The outward and visible signs (wind, fire, speaking in tongues) point to an inward and spiritual reality, which is expressed by the language of ‘filling’. Although this appears to be an impersonal metaphor, likening the Spirit to inanimate realities such as water and air, in contrast to the personal metaphors of ‘Father’ and ‘Son’, it is used all through the New Testament in several ways.

The word is used when people are given an initial endowment of the Spirit to fit them for God’s service (Acts 9.17, Luke 1.15) and also when they are inspired to make important utterances (Acts 4.8, 13, 13.9); related words are used to describe the continuous process of being filled with the Spirit (Acts 13.52, Eph 5.18) or the corresponding state of being full (Acts 6.3, 7.55, 11.24, Luke 4.1). These references indicate that a person already filled with the spirit can receive a fresh filling for a specific task, or a continuous filling. (Marshall, p 69).

Or, as graphically put by Michael Green in a sermon I heard as an undergraduate: ‘Why do I need to be filled again? Because I leak!’

Though the language of ‘filling’ can indicate initial, repeated and ongoing experiences, the word ‘baptism’ cannot (contrary to some mainline Pentecostal teaching). The word ‘baptize’ is never used for anything other than an initial experience. But the range of others words (including ‘pouring out’, Acts 2.17, 10.45) and ‘receiving’ (Acts 10.47) indicate that Luke sees this reality of the Spirit as something that is normative for both the beginning and the continuation of the life of discipleship.

The description of those residing in Jerusalem is both fascinating and puzzling—but offers some surprising insights. First, Luke notes that these were ‘devout’ people (Acts 2.5), in keeping with his emphasis that Jesus came to call both ‘sinners to repentance’ (Luke 5.32) and the devout to see their hopes of deliverance fulfilled. For Luke, it is simply nonsense to suggest that Jesus didn’t mix with, appeal to, or work with ‘the religious’; his problem is with those who are complacent and hypocritical.

The speech that Luke composes and places on the lips of these visitors is, of course, an artifice, as are in some sense all the speeches in Acts; they are (like all gospel material) far too short to be realistic. But what they are is Luke’s summary of the key points of what was said, recorded (inevitably) through his interpretive lens. In this case, he presents the conversation amongst the crowd as a kind of Greek chorus, in which they all speak in unison.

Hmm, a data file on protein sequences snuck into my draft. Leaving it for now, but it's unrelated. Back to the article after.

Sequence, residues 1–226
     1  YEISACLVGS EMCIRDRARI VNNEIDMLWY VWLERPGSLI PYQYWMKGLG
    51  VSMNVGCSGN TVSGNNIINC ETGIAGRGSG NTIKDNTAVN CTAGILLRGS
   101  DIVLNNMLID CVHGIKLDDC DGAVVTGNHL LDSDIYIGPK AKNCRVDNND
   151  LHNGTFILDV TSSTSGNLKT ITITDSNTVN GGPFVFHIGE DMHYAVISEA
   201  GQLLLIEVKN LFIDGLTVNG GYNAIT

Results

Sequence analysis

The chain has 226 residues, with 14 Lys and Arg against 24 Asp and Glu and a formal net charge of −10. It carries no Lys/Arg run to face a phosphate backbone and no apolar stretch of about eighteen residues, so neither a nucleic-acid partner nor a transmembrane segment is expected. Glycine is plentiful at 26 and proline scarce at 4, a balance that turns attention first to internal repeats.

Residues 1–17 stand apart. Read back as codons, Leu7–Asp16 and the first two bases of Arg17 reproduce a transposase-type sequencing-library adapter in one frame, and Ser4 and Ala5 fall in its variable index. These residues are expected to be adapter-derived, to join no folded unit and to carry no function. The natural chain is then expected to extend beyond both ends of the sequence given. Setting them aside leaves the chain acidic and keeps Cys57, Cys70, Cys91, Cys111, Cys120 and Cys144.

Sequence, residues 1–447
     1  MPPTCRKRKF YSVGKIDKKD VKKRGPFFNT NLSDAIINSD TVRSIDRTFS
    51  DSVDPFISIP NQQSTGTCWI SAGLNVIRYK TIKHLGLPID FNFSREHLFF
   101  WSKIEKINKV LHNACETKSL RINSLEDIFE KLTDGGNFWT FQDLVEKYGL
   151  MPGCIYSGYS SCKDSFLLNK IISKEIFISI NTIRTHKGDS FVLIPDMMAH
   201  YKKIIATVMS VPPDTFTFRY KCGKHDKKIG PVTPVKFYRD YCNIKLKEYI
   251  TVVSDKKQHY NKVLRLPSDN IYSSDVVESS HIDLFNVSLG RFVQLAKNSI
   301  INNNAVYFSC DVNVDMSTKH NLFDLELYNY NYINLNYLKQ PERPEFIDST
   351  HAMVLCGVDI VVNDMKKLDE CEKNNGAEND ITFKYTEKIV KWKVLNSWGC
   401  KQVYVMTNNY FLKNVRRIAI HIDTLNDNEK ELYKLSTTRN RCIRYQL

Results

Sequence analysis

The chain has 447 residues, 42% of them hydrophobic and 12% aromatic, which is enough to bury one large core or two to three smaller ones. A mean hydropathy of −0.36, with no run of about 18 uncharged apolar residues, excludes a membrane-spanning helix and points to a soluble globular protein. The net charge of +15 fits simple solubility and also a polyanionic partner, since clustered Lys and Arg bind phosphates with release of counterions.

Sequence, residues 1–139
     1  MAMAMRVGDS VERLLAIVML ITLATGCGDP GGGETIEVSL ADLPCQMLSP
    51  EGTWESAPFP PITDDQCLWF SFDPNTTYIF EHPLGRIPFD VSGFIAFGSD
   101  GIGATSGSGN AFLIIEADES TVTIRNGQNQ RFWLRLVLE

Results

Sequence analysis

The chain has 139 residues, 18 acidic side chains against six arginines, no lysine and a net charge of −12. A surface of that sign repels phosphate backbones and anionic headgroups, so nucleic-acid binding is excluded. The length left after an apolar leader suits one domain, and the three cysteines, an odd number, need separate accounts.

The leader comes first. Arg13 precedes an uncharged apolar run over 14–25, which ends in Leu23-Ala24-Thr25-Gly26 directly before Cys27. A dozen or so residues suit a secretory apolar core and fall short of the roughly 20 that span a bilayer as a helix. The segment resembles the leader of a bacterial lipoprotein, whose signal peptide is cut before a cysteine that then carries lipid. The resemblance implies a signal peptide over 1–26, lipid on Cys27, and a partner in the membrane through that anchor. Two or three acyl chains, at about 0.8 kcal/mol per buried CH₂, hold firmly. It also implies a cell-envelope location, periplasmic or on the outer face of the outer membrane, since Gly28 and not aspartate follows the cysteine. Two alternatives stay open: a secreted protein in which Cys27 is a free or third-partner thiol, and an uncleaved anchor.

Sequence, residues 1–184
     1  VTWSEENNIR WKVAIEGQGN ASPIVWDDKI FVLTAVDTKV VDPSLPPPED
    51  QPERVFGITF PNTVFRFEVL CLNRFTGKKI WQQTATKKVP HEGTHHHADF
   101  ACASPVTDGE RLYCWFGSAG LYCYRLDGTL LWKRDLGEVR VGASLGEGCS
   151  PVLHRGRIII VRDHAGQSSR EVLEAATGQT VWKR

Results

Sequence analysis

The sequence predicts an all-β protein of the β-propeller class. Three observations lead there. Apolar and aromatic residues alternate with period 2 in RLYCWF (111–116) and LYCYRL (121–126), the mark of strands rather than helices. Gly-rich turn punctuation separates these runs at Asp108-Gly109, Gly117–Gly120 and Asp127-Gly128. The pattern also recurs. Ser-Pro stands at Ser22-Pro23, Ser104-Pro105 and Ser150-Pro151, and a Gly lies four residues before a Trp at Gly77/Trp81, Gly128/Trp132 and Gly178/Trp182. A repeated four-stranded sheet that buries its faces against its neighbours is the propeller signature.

Commentators universally note that the number and ordering of the places mentioned is a puzzle to which no-one has a convincing answer. There is actually some sense of order; the first group are broadly speaking in the East of the Roman Empire; then we move to Judea and head north through central Turkey; then we move to the West of Turkey and North Africa; then further West to Rome, but with a jump south to Arabia. And of course there are many omissions in each direction.

But if the order makes little sense, the number is significant. The list is grouped to mention 4 + 4 (v 9) + 2 + 3 (v 10) + 4 = 17. Our attention is drawn to this by the odd separation of ‘Jews and proselytes’ from Rome, making what would have been 16 names into 17. Why does this matter? Because of the connection with Ezekiel’s prophecy of the water flowing from the temple, and the importance of 153 in the catch of fish in John 21. As I cite in the discussion of John 21:

In Ezekiel 47, we see baptismal waters flowing from the overturned Bronze Sea of the Temple, flowing out to the boundaries of the Land. Remember that Jesus claims to be the source of such living waters. In Ezekiel 47:9, we are told that “very many fish” will live in the (formerly) Dead Sea as a result of these living waters. In verse 10 we read, “And it will come about that fishermen will stand beside it; from En-Gedi to En-Eglaim there will be a place for spreading of nets. Their fish will be acording to their kinds, like the fish of the Great [Mediterranean] Sea, very many.”

The Dead Sea is the boundary of the new land after the exile, and a place of contact with gentiles. The fishes are clearly gentile nations. The fact that the sea is formerly dead and now is brought to life surely indicates the influence of Restoration Israel over the nations before Christ, and points to the greater influence of the Kingdom after Pentecost.

Now, it is well known that Hebrew letters are also numbers: the first nine letters being 1-9, the next nine being 10-90, and the last five being 100-400. “Coding” words with numbers is called gematria. If we substract the “En” from En-Gedi and En-Eglaim, since “en” means “spring,” then the following emerges:

Gedi = 17 (ג = 3; ד = 4; י = 10)

Eglaim = 153 (ע = 70; ג = 3; ל = 30; י = 10; מ = 40)

Again, this seems too close to the mark to be a coincidence. Once again, we have the number 17 (Gedi, mentioned first) and its relative 153 (Eglaim, mentioned second 1) connecting to the evangelization of the gentiles, symbolized by fishing.

Conclusion: The number 153 represents the totality of the nations of the world, which will be drawn in the New Creation.

John, in his story of the fishing trip in John 21, makes use of his ‘double meaning’ of the literal and the symbolic to teach us that the gospel will reach all the world. Luke, using his historiographical account of Pentecost, tells us the same thing. The deliberate listing of the range of places both anticipates the areas where the gospel will reach, but also hints at the means; we later read about Jews being dispersed from Jerusalem, who ‘accidentally’ share the good news of Jesus the Jewish messiah with gentiles in Acts 8.4. Truly, salvation has gone out from the Jews (John 4.22).